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Neurohormonal Blockade, Left Ventricular Assist Devices Equal Improved Survival Outcomes in Patients With Heart Failure

Maggie L. Shaw
Quality of life and 6-minute walk test also improve with this treatment combination.
Class D, or advanced, heart failure (HF) means that patients are in the final stages of severe cardiovascular disease, and therapies and symptom management strategies no longer work. To prolong life expectancy in these patients, left ventricular assist devices (LVADs) are often used to help the heart pump blood, and anticoagulation therapy is given to prevent blood clots after device implantation.

There are limited data on drug treatment beyond anticoagulation for patients with HF who have an LVAD, especially neurohormonal blockade (NHB). Measurable improvements have been seen in patients with HF with reduced ejection fraction (HFrEF) from NHB use and certain patients with LVADs on aggressive NHB treatment. The authors of a recent study in JAMA Cardiology investigated the probability of similar results in the general population of patients with LVADs.

Using 2008 to 2016 data from the Interagency Registry for Mechanically Assisted Circulatory Support (Intermacs) on patients with LVADs who remained alive 6 months after receiving their device, they ended up with a study population of 12,144 patients from 170 centers throughout the United States and Canada; of these, 10,419 (85.8%) were on NHB. The primary outcome was survival from 6 months after LVAD implantation (the baseline) to 4 years; secondary outcomes were quality of life (QOL), as measured by the Kansas City Cardiomyopathy Questionnaire (KCCQ), and 6-minute walk test (6MWT), both from from baseline to 2 years. Three medication classes were considered NHB: angiotensin-converting enzyme inhibitors or angiotensin receptor blockers, beta-blockers, and mineralocorticoid receptor antagonists.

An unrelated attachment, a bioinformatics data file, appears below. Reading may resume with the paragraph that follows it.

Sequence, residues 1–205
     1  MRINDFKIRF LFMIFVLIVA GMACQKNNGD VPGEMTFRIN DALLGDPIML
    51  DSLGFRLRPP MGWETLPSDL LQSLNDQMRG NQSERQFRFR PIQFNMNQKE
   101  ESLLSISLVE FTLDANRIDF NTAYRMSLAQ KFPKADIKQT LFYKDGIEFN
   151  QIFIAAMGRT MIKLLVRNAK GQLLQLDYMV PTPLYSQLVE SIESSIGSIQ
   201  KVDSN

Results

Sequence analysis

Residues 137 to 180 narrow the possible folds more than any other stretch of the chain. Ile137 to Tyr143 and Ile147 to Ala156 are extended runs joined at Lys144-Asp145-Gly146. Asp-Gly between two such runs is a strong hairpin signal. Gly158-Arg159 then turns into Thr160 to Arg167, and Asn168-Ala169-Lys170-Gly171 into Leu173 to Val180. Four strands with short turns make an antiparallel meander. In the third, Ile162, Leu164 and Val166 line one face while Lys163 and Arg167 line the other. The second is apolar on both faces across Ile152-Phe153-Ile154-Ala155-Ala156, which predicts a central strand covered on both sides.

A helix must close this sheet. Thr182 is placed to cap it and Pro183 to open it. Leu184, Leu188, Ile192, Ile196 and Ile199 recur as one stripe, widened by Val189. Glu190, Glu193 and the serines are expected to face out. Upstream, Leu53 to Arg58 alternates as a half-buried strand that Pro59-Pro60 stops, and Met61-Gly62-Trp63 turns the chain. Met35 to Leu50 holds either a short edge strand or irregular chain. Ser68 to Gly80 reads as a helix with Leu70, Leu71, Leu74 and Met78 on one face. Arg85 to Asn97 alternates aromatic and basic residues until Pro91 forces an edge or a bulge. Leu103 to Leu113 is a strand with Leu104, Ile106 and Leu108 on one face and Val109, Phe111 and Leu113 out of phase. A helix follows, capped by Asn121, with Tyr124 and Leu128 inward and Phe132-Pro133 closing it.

The results did not disappoint. Overall, for patients on NHB at the 6-month mark versus those not, the Kaplan-Meier analysis showed a survival rate at 4 years of 56.0% versus 43.9%, respectively. This jumped even higher to 66.4% for patients on NHB that consisted of the 3 medication classes. Additional survival analyses were carried out to account for confounders. The Cox proportional hazard analysis confirmed the utility of triplet therapy and a propensity score-matched analysis, any NHB (59.3% vs 50.4% without NHB).

For QOL and 6MWT, follow-up measurements were taken every 6 months for 2 years, beginning at baseline. At the 2-year mark, the median KCCQ score for QOL was 68.8 versus 64.9, respectively (on a scale of 0-100), for patients with LVADs also on NHB versus those not on the therapy. The average scores were 66.6 and 63.0. For the 6MWT, for both groups, there was an overall 11.8% improvement, from 987 to 1103 feet.

There were several limitations of the study results, chief among them being that Intermacs lacks data on medication dosing, compliance, and reason for initiation or discontinuation. Therefore, the authors reason, it is difficult to tell if patients on NHB tolerated the therapy because they were healthier to start or if those not on NHB were intolerant because they were sicker.

However, there is no denying the positive outcomes for patients with advanced HF on NHB, and the results seemingly point to NHB’s place in the armamentarium of care for patients with LVADs due to HF. “The survival benefit seen in these groups was not surprising based on evidence that the combination of these therapies reduces mortality in patients with HFrEF without an LVAD,” the study authors said.

Reference

McCullough M, Caraballo C, Ravindra NG, et al [published online November 18, 2019]. Neurohormonal Blockade and Clinical Outcomes in Patients With Heart Failure Supported by Left Ventricular Assist Devices. JAMA Cardiol. doi: 10.1001/jamacardio.2019.4965.

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